Case closed! Investigation Committees

Investigation Committees (IC) decide whether there is a case to answer in a fitness to practise allegation and have the power to close a case with no action.

Understanding Investigation Committees

Investigation Committees (IC) decide whether there is a case to answer in a fitness to practise allegation and can close a case with no action.  ICs are usually made up of a panel of three or four, a mix of professionals and lay people.

The panel must be reasonably satisfied that:

  • the facts of an allegation can be proved, and that if proved
  • those facts could lead to a finding that your fitness to practise is currently impaired.

Investigation Committees usually meet in private (with the exception of the GMC) to consider all the supporting information, including evidence you might have submitted.

Investigation Committees have a range of powers, including to:

  • issue warnings
  • conclude with no action
  • refer the case to a  full Fitness to Practise Committee.

Your right to respond

You will have opportunities to respond to the allegation(s) and complaints made against you.  This forms part of the fitness to practise investigation and the evidence considered by the IC when deciding what action, if any, is necessary.

You should seek legal advice at the earliest possible opportunity.  Early engagement with an expert fitness to practise defence lawyer will mean that your responses will be comprehensive, well considered and submitted at the right opportunity.

How does the committee reach a decision? The real prospect test

When deciding on the outcome, the IC will decide whether there is a real prospect of an allegation being proven before a Fitness to Practise Committee. This is the ‘real prospect’ test.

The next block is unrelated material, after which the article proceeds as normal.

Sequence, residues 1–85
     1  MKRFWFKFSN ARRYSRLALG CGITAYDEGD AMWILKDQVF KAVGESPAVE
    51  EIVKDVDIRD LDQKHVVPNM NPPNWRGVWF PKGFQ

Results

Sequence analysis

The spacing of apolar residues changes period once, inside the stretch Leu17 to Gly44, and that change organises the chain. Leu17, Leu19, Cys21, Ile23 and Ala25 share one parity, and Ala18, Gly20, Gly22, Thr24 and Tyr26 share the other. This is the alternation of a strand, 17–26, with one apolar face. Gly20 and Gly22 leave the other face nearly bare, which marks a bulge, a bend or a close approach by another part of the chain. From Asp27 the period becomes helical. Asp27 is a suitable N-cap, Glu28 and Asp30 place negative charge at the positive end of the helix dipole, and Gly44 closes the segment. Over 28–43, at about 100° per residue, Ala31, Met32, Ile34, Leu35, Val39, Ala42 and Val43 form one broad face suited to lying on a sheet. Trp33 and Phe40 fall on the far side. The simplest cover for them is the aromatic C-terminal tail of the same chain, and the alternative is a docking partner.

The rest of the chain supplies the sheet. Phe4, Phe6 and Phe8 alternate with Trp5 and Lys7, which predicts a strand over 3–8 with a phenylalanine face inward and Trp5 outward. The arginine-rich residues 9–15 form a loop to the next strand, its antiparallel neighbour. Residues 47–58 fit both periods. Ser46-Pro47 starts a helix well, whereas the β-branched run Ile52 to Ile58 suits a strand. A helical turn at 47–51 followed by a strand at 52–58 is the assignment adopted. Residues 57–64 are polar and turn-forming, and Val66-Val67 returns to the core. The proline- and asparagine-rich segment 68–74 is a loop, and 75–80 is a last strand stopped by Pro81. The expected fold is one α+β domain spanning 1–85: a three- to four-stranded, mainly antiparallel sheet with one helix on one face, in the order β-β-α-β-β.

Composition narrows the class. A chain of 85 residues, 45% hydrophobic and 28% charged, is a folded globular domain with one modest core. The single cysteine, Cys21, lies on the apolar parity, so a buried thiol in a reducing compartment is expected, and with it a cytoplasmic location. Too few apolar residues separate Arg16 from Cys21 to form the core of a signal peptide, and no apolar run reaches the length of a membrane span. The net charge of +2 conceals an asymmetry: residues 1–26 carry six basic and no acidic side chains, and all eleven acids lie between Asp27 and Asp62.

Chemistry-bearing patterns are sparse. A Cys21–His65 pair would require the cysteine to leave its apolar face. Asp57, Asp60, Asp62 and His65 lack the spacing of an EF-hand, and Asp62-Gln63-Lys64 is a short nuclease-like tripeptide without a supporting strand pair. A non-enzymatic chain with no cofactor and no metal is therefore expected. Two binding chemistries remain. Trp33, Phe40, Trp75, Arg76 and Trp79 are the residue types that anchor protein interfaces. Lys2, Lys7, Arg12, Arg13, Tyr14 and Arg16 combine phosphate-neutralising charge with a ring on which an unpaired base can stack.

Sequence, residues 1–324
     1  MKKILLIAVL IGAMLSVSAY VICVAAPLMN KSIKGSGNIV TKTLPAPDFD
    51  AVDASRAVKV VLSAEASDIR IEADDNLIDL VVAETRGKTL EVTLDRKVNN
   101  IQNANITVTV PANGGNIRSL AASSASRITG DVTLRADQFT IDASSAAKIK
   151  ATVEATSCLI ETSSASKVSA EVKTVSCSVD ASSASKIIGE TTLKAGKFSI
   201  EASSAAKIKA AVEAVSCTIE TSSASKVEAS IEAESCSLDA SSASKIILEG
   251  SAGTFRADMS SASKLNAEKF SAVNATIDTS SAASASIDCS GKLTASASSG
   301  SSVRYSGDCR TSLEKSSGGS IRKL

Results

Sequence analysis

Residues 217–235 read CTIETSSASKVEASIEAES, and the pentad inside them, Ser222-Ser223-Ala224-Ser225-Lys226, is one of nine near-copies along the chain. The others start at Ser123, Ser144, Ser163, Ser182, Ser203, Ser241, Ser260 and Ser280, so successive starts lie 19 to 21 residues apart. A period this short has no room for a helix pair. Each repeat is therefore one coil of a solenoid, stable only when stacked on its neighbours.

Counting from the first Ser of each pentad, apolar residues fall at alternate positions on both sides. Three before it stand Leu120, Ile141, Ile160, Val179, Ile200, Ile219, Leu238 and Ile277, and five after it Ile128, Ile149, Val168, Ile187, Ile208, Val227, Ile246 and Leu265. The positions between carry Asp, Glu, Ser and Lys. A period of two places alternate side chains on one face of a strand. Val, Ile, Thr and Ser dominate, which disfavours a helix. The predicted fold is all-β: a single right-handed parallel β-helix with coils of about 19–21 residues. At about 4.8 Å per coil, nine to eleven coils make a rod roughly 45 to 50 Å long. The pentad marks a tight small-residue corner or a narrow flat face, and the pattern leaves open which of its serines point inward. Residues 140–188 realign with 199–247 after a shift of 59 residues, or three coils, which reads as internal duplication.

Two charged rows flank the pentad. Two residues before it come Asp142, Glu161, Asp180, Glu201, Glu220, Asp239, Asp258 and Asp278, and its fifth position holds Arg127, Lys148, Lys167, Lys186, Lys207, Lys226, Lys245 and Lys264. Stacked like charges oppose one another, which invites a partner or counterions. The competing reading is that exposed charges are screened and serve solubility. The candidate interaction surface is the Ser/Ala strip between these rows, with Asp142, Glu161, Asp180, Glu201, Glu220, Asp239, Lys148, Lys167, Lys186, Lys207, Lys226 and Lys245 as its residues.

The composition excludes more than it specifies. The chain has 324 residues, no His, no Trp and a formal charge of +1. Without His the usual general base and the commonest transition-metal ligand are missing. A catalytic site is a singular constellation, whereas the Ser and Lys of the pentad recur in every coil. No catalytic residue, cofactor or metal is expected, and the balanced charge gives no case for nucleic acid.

The panel must be reasonably satisfied that:

  • the facts of an allegation can be proved, and that if proved
  • those facts could lead to a finding your fitness to practise is currently impaired.

In applying the real prospect test, each of the allegations will be considered in turn in light of the evidence. 

It is important to note that the real prospect test does not seek to prove that the complaint(s) or allegation(s) are true.  The test merely seeks to ensure the evidence which supports the complaint(s) or allegation(s) would be sufficient to prove the allegation.

The key point here is that a fitness to practise allegation or complaint should not be referred to a full Fitness to Practise Committee unless there is a real prospect (that is, a real possibility) of the facts being proved will show current impairment.

Insight and remediation

Since the ‘real prospect’ test considers current impairment, Investigation Committees will consider your insight and steps taken to remediate.  It is at this stage of the process where you can often have the greatest impact on the decision-making.  Evidence of real insight and remediation can result in an investigation being closed at an early stage.

However, it is vital that you seek legal advice on the right strategy and approach when considering insight and remediation in the context of the real prospect test.  

Kings View offers Insight Works Training, unique and practical courses focusing on impairment, reflection, insight, and remediation at highly competitive prices.

What you can expect when instructing us?

Kings View are specialist medical defence barristers.  For over a decade, we have represented hundreds of health and care professionals facing fitness to practise investigations and hearings.

We pride ourselves on complete transparency and all quotations are given with fixed fees for preparation and representation, agreed in advance and payable in stages. No hidden costs ever.

If you are facing fitness to practise investigation, speak to one of our expert barristers today for a free, no obligation case assessment.

Insight Works Training

Disclaimer: This article is for guidance purposes only. Kings View Chambers accepts no responsibility or liability whatsoever for any action taken, or not taken, in relation to this article. You should seek the appropriate legal advice having regard to your own particular circumstances.

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